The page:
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Do I Need an Attorney for an Ohio Power of Attorney?

Do I Need an Attorney for an Ohio Power of Attorney?
January 10, 2019 Shannon Dawes
Small business attorney in Columbus Ohio discusses debt judgement collections in Ohio.

Do You Need to Hire a Lawyer for an Ohio Power of Attorney?

An Ohio power of attorney conveys to another person the authority to act on your behalf. It is a written document that sets out the terms of the person’s authority, along with additional information about the arrangement. In the state of Ohio, do you need to hire a lawyer to create a power of attorney agreement?

Some power of attorney agreements are relatively straight forward, so you might not necessarily need a lawyer to help you with those. However, some of these agreements will apply to numerous aspects of your life and convey broad authority to another person. You have to be sure the agreement protects you properly and is consistent with state law. 

Before you can understand whether your agreement will be simple or complex, you will need to identify the purpose of the power of attorney arrangement. You should understand the reasons you need the agreement and realize your desired scope for the agreement.

Most power of attorney agreements will be one of three types:

  • General POA – A general power of attorney conveys to your agent (the person acting on your behalf) unlimited authority to make decisions for you. This agreement will usually start and end at a certain time.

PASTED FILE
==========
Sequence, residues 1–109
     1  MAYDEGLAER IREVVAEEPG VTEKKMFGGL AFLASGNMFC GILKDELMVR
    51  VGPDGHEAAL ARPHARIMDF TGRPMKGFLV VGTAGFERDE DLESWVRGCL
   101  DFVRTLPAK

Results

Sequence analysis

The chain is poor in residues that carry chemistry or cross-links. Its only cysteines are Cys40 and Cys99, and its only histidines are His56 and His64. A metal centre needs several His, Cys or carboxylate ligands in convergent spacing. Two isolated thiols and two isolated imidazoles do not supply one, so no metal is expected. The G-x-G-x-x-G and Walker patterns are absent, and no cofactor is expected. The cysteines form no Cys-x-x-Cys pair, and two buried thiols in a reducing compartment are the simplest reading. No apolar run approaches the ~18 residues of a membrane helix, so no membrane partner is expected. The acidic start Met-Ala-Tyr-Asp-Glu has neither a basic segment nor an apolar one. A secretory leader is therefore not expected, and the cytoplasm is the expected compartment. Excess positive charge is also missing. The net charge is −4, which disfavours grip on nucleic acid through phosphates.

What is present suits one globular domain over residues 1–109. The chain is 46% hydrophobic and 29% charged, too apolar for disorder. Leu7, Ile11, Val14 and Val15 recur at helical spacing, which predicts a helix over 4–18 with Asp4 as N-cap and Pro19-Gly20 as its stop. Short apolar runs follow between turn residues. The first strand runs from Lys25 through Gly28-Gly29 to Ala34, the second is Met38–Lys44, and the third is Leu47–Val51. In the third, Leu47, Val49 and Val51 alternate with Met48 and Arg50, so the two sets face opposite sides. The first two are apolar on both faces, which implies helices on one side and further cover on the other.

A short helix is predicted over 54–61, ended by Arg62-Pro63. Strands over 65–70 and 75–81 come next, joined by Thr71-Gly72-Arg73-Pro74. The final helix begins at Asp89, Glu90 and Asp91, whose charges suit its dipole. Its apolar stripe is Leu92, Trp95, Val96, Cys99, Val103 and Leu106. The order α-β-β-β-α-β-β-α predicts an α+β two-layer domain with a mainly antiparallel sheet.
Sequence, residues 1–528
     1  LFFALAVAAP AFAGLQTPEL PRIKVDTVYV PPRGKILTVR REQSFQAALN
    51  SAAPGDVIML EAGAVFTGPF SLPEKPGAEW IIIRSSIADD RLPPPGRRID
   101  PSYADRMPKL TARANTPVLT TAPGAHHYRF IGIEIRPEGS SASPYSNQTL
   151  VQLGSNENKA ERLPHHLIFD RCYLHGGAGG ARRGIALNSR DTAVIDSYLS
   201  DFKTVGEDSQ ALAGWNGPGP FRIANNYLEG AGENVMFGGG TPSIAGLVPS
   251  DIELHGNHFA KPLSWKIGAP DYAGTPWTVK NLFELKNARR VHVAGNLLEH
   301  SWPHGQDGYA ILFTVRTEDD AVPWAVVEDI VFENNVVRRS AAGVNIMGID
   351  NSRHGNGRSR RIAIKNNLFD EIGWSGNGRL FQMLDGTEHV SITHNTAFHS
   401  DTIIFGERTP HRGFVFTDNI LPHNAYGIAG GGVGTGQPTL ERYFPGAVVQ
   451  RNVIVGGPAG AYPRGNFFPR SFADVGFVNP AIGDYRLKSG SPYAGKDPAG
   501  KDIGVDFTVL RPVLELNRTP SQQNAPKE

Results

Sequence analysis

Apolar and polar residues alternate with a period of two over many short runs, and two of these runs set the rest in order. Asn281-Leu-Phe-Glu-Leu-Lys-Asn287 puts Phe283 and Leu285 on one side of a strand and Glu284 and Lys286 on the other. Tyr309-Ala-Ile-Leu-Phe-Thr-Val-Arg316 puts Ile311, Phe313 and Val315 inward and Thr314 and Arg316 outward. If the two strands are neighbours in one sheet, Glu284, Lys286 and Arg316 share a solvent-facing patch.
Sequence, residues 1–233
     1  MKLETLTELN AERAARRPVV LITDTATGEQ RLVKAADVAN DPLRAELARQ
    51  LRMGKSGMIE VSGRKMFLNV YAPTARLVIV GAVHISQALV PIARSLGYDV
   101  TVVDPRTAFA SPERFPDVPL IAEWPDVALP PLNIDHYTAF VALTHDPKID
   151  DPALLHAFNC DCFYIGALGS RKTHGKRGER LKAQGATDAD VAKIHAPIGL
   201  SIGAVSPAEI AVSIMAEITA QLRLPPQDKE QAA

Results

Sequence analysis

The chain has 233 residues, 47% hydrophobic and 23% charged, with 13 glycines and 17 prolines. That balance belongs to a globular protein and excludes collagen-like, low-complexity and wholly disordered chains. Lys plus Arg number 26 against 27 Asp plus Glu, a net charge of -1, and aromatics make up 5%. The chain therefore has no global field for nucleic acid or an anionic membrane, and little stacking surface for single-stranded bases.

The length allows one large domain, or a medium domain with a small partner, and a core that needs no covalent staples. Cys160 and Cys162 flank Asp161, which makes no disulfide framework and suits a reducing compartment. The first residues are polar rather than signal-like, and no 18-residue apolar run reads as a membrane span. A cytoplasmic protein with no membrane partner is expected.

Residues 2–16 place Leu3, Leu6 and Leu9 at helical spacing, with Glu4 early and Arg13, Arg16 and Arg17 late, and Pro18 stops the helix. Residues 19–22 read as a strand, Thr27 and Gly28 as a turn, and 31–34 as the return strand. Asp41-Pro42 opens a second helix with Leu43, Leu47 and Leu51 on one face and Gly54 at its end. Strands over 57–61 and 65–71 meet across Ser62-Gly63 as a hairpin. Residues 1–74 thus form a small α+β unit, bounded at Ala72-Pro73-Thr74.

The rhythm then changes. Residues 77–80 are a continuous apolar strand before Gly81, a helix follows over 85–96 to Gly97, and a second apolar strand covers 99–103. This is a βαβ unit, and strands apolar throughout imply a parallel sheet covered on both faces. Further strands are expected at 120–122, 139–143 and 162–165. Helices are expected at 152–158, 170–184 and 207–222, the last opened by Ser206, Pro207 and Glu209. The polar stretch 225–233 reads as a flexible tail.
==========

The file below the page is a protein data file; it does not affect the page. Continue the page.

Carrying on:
• Limited or Special POA – A limited or special power of attorney conveys a specific authority to your agent. You might use a limited or special POA for financial issues or for the purpose of filing a legal claim in court. These types of agreements will be limited in purpose and scope, and you can customize them to suit your unique needs.
  • Durable POA – A durable power of attorney provides to your agent the authority to make decisions for you even during times when you cannot make them on your own. Circumstances in which you cannot make your own decisions might include mental incapacitation or terminal illness. In these situations, your agent will step in to make medical and other decisions in your best interest. A general POA and a limited POA can become durable POAs if you add specific language to the agreement.

Forms are available online for creation of power of attorney agreements, and many people opt to use those thinking they will save time and money. Regardless of the complexity of your agreement, it is important to understand that if the document does not comply with Ohio law, it is essentially a worthless piece of paper. The best way to ensure your agreement is valid is to create it with the guidance of an experienced Ohio attorney.

If you would like to create a power of attorney agreement for any purpose, contact Dawes Legal, LLC, to schedule a consultation with Ohio Attorney Shannon Dawes. You will be able to schedule your attorney consultation when you call our Columbus office at (614) 733-9999.